For a brief period starting in 1999, Michigan lawmakers expressly outlawed online gambling, although the following year that legislation was repealed. Thus from 2000 forward, there was no specific prohibition against online gambling in Michigan, although no legislation sanctioned it, either.
Starting in the mid-2010s, lawmakers took up the topic of online gambling in earnest.
Michigan first threw its hat into the online gambling arena in April 2016, when State Sen. Mike Kowall introduced a bill that would have regulated both online poker and casino games within state lines. The core arguments for passage, as stated in the bill, were to create new revenue streams for the state and to offer consumers and the state protection from offshore gambling sites.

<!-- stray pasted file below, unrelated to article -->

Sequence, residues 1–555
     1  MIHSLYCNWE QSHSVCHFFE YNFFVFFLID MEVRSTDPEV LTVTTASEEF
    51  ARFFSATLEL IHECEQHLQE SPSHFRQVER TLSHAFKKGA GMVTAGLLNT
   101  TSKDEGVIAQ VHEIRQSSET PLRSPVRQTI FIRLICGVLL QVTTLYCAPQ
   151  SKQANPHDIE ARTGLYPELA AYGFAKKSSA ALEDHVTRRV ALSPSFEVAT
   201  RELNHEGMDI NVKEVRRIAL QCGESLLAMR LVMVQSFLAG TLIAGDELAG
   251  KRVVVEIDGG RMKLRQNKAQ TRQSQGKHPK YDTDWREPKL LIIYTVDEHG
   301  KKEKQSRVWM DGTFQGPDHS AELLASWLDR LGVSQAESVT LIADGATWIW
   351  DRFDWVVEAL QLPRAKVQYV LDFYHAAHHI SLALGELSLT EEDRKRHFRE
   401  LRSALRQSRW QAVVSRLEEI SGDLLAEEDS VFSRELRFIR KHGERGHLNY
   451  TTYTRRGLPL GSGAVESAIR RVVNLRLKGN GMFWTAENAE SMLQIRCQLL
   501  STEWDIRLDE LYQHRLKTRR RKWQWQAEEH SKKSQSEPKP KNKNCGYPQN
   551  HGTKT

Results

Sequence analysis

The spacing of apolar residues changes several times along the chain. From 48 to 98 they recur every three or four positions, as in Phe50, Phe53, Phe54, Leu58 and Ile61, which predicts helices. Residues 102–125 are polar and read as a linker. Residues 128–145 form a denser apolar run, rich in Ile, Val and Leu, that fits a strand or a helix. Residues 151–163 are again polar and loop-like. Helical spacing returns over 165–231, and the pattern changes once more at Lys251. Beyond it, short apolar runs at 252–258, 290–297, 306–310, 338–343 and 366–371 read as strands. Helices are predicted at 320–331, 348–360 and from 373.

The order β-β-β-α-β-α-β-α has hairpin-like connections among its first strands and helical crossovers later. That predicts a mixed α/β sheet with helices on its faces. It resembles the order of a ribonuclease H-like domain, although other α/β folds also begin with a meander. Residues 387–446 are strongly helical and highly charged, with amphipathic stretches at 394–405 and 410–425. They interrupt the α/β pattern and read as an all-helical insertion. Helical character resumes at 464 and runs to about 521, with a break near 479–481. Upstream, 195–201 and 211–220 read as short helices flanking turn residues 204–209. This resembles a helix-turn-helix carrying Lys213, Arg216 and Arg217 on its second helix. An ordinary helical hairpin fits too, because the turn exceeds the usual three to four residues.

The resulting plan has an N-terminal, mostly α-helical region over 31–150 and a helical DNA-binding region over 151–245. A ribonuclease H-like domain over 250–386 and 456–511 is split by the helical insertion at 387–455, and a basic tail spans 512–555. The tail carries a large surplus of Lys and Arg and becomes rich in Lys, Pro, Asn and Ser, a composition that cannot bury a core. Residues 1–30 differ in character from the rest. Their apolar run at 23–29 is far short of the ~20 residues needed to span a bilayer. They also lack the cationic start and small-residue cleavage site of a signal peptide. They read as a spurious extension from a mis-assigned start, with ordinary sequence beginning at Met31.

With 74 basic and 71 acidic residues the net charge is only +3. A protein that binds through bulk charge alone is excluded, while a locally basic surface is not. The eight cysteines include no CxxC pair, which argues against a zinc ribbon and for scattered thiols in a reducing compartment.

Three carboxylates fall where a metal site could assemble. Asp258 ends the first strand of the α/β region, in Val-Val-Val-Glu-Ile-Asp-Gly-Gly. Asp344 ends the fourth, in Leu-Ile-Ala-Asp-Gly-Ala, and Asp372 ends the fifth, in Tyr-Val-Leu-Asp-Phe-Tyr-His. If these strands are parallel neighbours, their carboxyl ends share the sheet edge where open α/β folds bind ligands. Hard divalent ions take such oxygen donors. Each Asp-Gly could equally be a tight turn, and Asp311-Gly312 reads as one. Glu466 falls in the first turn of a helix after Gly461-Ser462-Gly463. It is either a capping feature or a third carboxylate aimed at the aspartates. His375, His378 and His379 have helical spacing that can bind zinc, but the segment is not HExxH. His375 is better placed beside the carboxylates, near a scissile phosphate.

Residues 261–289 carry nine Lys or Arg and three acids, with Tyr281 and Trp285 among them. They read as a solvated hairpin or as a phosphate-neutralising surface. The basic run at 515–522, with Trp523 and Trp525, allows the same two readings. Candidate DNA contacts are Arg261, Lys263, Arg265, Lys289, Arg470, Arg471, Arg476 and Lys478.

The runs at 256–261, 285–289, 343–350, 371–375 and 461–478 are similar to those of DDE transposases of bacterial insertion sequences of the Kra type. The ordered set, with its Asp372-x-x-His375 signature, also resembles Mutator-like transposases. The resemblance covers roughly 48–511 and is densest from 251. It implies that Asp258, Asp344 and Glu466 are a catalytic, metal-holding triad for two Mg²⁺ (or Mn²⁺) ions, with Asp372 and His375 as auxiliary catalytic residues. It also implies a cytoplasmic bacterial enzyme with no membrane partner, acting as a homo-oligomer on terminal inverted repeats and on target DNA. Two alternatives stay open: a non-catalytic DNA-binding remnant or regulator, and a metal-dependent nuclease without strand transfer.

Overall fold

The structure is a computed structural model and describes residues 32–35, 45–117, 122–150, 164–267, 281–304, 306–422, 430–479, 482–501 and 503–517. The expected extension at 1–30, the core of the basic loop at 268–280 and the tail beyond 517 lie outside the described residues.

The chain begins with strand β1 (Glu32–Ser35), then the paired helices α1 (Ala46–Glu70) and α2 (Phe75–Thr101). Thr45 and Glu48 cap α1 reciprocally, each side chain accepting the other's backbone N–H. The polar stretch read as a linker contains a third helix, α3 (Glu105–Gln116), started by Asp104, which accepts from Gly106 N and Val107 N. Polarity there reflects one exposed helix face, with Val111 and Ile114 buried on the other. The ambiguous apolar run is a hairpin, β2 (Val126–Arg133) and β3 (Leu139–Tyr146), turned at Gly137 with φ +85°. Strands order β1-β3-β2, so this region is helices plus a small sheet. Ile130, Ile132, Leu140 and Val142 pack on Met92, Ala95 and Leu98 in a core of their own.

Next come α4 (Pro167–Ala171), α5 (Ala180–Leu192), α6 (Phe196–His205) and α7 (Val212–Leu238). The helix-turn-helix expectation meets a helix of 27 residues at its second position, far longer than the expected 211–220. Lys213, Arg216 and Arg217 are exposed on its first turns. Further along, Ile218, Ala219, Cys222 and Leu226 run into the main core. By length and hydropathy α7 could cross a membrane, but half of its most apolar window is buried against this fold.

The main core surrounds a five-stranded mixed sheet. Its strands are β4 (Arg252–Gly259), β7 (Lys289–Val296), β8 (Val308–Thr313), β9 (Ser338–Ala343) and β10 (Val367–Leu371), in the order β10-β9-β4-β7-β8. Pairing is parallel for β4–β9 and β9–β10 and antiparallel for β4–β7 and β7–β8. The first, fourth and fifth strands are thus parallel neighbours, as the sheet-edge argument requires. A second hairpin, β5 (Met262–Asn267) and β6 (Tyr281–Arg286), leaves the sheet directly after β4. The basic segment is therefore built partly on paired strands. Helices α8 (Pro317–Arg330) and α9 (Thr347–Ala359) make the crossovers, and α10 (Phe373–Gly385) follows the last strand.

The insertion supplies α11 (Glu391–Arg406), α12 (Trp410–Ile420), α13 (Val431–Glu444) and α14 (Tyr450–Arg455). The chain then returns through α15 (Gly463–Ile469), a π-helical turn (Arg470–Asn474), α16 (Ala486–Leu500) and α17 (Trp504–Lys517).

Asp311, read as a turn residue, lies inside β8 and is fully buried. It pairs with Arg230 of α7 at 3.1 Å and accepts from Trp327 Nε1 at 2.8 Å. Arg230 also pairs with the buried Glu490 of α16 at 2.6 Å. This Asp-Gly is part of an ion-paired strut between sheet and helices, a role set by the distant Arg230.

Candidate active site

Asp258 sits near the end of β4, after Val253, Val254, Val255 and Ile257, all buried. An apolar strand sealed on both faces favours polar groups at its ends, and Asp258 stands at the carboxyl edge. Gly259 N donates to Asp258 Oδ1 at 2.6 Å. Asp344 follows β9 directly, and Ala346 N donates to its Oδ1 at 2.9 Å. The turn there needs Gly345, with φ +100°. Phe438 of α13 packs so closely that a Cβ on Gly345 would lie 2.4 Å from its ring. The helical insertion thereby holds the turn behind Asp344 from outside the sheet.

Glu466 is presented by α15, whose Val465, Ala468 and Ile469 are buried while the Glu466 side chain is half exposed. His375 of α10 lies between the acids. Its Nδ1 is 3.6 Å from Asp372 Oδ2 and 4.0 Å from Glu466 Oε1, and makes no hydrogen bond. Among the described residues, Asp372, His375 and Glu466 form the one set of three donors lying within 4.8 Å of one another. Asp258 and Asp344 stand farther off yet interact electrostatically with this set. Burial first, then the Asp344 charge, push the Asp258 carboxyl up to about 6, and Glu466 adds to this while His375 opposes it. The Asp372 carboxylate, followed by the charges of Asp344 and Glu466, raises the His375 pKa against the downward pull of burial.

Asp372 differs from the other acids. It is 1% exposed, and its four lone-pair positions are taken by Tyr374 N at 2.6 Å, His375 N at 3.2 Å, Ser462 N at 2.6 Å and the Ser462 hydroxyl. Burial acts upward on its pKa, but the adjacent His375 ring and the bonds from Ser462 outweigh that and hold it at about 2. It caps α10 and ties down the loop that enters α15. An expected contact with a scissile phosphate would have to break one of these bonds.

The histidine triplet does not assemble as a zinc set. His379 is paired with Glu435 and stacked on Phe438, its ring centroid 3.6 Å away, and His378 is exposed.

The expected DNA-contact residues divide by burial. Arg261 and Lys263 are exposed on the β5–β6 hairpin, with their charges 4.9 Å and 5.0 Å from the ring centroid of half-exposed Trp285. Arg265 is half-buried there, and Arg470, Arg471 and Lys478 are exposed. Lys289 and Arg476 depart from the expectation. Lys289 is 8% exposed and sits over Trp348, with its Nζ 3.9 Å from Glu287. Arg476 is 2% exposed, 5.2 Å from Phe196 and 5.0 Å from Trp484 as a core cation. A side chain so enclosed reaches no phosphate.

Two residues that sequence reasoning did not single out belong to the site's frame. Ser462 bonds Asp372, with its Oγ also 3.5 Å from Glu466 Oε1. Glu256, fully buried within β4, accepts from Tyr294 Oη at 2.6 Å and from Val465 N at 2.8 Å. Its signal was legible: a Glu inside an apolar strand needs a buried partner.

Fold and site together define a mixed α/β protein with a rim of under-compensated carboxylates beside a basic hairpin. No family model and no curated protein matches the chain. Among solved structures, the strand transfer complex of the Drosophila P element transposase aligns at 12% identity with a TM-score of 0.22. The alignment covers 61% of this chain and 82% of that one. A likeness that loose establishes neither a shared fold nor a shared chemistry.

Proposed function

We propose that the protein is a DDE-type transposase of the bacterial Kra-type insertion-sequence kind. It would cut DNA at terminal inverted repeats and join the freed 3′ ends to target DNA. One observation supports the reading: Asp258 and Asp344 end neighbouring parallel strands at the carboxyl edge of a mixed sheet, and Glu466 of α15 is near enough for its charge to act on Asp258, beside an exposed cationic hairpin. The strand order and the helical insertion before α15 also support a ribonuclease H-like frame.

Kowall’s bill moved through the legislative process at a rapid clip. In May, the Michigan Senate Regulatory Reform Committee held an information hearing, where it was revealed that SB 889 had been three years in the making.
Optimism rose in June when the bill sailed through a Senate Regulatory Reform Committee vote 8-1. Unfortunately, that would prove the apex of the 2016 effort, as the ensuing months were marked by inaction.
There were rumblings that the legislation would tackle online gambling upon reconvening in November, but with a limited number of session days left the prospect of the Senate passing what was ultimately a nascent and flawed bill seemed bleak.
This despite, assurances from Kowall that there was “plenty of time” in 2016 for SB 889 to push through the various legislative chambers.